They are no longer as big, heavy and unwieldy as they are said to be.

This is especially true for models without a mirror.

We're talking about system cameras, the big sisters of smartphones and digital cameras.

Sure: cell phone cameras are getting better and better and the smartphone is always at hand.

But even the most powerful smartphones cannot match the comparatively huge sensors and bright lenses.

If you need or want more quality, you have to orient yourself towards system cameras.

But for beginners, the subject is rather bulky.

The body as a system camera basis


So first of all the most important terms at a glance: System cameras are cameras with interchangeable lenses.

If you remove the lens, the housing remains, the so-called body.

On the one hand there are digital single-lens reflex cameras (DSLR) with an optical viewfinder.

On the other hand, there are digital system cameras without mirrors that are more compact, lighter and are becoming increasingly popular.

They too usually have a viewfinder, but in which there is a high-resolution mini-monitor that shows the live image from the sensor.

The term system camera is often used explicitly for such devices as a distinction to the single-lens reflex cameras.

But DSLRs are also part of the system cameras.

You can see it: the mirrorless system camera (r.) Is much slimmer than the SLR camera (l.)

Source: dpa-tmn

The lens you choose determines what you can photograph: Long focal lengths, given in millimeters, bring objects close, for example.

The light intensity determines how well snapshots can be captured in low light.

It can be read from the maximum aperture (f): the smaller the number, the more bright it is.


Otherwise, system cameras differ mainly in their sensor format.

So-called full-frame cameras have the largest sensor and thus the largest area for recording image information.

The smaller formats APS-C and Micro Four Thirds are also widespread.

When to switch to a system camera is worthwhile

"Most smartphone photographers will not need a system camera," believes Markus Bautsch, photo expert at Stiftung Warentest.

As long as you only view, edit and send your pictures on your mobile phone, you hardly notice any differences in quality.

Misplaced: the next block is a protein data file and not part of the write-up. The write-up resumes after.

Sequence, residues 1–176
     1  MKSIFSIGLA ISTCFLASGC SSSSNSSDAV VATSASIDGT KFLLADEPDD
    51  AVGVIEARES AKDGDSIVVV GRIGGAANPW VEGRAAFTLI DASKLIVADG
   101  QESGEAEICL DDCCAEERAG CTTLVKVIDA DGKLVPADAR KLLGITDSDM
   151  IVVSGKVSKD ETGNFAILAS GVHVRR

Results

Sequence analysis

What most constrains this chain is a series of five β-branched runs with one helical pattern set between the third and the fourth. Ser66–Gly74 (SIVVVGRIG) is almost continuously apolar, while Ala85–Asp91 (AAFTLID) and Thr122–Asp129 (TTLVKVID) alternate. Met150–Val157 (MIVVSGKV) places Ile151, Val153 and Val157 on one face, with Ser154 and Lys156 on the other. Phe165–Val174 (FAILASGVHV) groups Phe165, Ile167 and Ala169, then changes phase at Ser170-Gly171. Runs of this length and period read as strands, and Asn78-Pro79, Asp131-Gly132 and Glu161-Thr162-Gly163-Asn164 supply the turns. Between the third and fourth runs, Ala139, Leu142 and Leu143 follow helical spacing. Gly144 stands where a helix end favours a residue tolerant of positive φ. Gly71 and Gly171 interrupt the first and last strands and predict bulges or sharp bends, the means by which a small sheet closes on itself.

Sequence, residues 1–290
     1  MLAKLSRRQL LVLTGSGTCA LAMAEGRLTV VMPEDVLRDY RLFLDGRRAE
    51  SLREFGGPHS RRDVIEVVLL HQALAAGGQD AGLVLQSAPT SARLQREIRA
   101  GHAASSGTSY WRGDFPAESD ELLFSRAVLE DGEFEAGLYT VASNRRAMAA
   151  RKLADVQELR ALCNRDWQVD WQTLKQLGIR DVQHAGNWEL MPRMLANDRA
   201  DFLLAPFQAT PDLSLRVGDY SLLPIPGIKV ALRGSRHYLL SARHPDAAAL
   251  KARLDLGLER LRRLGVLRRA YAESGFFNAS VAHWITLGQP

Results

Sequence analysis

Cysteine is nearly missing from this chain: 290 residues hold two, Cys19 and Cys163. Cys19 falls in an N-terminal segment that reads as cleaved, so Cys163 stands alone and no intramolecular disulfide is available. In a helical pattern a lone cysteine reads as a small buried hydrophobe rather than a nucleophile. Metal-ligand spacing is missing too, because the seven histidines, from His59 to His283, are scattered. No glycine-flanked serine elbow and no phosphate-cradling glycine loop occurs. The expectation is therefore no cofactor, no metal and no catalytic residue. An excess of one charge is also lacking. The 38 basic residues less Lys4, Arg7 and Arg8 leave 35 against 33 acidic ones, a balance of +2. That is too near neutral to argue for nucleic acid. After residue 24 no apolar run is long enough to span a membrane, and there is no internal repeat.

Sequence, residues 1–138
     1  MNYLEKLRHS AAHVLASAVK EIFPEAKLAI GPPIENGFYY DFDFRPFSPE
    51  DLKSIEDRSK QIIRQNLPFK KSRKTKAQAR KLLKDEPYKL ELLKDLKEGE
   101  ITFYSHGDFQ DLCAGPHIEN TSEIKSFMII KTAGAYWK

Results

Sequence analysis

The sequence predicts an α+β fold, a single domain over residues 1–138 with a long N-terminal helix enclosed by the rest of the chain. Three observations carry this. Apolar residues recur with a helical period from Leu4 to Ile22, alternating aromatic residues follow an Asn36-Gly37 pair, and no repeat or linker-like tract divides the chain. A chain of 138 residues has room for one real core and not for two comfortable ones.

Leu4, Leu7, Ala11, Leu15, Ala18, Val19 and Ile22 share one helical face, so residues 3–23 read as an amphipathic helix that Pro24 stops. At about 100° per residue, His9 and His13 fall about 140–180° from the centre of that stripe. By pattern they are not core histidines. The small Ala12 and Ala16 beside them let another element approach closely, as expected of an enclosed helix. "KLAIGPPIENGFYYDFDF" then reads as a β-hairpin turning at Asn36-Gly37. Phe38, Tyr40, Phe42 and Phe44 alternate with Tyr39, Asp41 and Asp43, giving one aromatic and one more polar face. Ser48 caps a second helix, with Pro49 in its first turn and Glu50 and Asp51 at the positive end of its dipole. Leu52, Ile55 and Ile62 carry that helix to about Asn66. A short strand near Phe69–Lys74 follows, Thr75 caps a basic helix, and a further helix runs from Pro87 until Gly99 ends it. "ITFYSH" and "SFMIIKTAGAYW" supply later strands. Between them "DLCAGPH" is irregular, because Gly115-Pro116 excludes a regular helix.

However, when it comes to distant subjects such as wild animals or sporting events or taking pictures in low light, the smartphone reaches its limits.

A DSLR and lens are available from around 350 euros.

"They are simply built and not designed for durability," says Bautsch, but that is enough to try out.

“Often there are simple standard zooms.” These are lenses that cover the most frequently required focal length range, between 18 and 50 millimeters.


For mirrorless system cameras, prices start at around 400 euros.

Models without a viewfinder are a bit cheaper here, but you can only see the targeted motif via the display, which is slightly reflective.

What shimmers green there is the camera sensor.

It is many times larger for system cameras than for smartphones

Source: dpa-tmn

You should also check whether the selected camera model is only compatible with lenses of the same brand or also with other manufacturers.

“Tamron and Sigma are often a cheap alternative,” says Bautsch.

Used system cameras and lenses also often offer a good price-performance ratio.

The photographer and photo trainer Matthias Halthof from Halle an der Saale recommends paying attention to the number of releases that can be seen in the camera menu.

“It shouldn't be more than 15,000.” A starter set including a photo bag, memory card and replacement battery costs around 600 to 700 euros.

Willing to learn photography

Those who already know that they want to delve deeper into photography not only need a slightly larger budget, but also the will to learn.

"It is a misconception that you only need a camera for 600 euros and then it takes good pictures," says Halthof, who also offers courses.

When choosing a camera system, you should keep in mind that body and standard zoom are usually not enough.

“The lens collection can be worth many times the camera housing,” says product tester Markus Bautsch, who is himself a passionate photographer.

And you can't just screw a branded lens onto every camera.

Become a camera specialist

If you want to become a specialist in one area, you should also adapt your equipment accordingly.

"For portrait photography, the sensor should be larger than the APS-C," advises Matthias Halthof.

For animal and sports photography, the number of pictures in series shots is crucial.

And architecture and landscape photography, on the other hand, hardly works without a tripod.

You can get good models from around 100 euros.

And the same applies to serial recordings as to filming with system cameras: fast memory cards are required.

Anyone planning larger film or video projects should know one thing.

“Most cameras record a maximum of 30 minutes,” explains Markus Bautsch.

You should pay attention to this when buying if you cannot live with this limitation.

When choosing a camera system, you should keep in mind that body and standard zoom are usually not enough

Source: dpa-tmn